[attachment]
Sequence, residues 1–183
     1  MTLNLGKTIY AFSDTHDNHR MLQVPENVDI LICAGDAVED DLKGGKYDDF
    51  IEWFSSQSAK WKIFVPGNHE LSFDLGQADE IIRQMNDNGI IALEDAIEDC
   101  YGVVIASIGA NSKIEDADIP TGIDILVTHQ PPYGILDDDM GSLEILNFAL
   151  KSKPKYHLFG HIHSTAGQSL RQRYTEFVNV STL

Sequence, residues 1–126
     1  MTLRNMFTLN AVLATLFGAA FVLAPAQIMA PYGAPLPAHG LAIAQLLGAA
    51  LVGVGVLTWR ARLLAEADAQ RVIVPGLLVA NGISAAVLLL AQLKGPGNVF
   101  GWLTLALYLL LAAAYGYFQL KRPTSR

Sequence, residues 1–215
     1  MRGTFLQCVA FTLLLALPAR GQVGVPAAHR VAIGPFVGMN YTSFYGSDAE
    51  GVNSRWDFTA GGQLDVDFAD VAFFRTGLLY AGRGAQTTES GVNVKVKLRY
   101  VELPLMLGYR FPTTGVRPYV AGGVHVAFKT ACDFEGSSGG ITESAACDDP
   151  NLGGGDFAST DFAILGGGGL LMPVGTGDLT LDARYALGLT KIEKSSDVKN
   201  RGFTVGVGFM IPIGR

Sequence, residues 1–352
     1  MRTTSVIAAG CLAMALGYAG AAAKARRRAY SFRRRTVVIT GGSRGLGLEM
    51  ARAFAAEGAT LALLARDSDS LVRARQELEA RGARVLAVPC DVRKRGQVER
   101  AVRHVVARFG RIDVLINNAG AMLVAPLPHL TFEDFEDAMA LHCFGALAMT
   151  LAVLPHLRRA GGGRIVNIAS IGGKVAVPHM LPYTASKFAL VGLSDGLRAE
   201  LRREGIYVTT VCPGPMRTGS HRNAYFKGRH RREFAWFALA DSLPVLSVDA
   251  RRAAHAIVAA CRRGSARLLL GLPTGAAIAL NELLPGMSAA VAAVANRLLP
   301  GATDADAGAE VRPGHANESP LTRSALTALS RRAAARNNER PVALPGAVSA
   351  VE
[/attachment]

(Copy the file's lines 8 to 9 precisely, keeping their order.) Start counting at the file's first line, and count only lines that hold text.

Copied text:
    51  LVGVGVLTWR ARLLAEADAQ RVIVPGLLVA NGISAAVLLL AQLKGPGNVF
   101  GWLTLALYLL LAAAYGYFQL KRPTSR